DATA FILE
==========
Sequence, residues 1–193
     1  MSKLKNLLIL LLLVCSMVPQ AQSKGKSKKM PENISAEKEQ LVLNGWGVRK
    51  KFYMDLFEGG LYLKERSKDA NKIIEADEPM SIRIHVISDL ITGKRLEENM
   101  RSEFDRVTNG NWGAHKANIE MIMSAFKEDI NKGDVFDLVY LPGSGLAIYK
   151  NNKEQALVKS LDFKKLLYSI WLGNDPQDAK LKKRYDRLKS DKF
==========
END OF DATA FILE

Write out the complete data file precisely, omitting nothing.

Sequence, residues 1–193
     1  MSKLKNLLIL LLLVCSMVPQ AQSKGKSKKM PENISAEKEQ LVLNGWGVRK
    51  KFYMDLFEGG LYLKERSKDA NKIIEADEPM SIRIHVISDL ITGKRLEENM
   101  RSEFDRVTNG NWGAHKANIE MIMSAFKEDI NKGDVFDLVY LPGSGLAIYK
   151  NNKEQALVKS LDFKKLLYSI WLGNDPQDAK LKKRYDRLKS DKF